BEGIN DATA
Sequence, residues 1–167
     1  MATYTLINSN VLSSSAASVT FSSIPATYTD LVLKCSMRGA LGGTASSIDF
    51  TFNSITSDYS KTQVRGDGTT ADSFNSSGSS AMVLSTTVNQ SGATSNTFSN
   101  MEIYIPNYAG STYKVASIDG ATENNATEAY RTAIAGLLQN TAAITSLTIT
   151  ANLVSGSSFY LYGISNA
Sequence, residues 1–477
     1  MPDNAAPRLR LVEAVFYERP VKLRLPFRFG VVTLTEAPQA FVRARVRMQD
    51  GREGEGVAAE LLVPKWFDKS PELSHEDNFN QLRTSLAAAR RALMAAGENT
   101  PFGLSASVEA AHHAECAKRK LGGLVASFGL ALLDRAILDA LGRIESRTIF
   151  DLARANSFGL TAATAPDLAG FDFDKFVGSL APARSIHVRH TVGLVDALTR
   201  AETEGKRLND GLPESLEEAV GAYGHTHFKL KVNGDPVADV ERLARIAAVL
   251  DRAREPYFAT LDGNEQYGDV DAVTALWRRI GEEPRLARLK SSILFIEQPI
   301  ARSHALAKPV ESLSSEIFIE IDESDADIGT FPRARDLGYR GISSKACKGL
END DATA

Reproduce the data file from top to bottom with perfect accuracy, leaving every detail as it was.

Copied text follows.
Sequence, residues 1–167
     1  MATYTLINSN VLSSSAASVT FSSIPATYTD LVLKCSMRGA LGGTASSIDF
    51  TFNSITSDYS KTQVRGDGTT ADSFNSSGSS AMVLSTTVNQ SGATSNTFSN
   101  MEIYIPNYAG STYKVASIDG ATENNATEAY RTAIAGLLQN TAAITSLTIT
   151  ANLVSGSSFY LYGISNA
Sequence, residues 1–477
     1  MPDNAAPRLR LVEAVFYERP VKLRLPFRFG VVTLTEAPQA FVRARVRMQD
    51  GREGEGVAAE LLVPKWFDKS PELSHEDNFN QLRTSLAAAR RALMAAGENT
   101  PFGLSASVEA AHHAECAKRK LGGLVASFGL ALLDRAILDA LGRIESRTIF
   151  DLARANSFGL TAATAPDLAG FDFDKFVGSL APARSIHVRH TVGLVDALTR
   201  AETEGKRLND GLPESLEEAV GAYGHTHFKL KVNGDPVADV ERLARIAAVL
   251  DRAREPYFAT LDGNEQYGDV DAVTALWRRI GEEPRLARLK SSILFIEQPI
   301  ARSHALAKPV ESLSSEIFIE IDESDADIGT FPRARDLGYR GISSKACKGL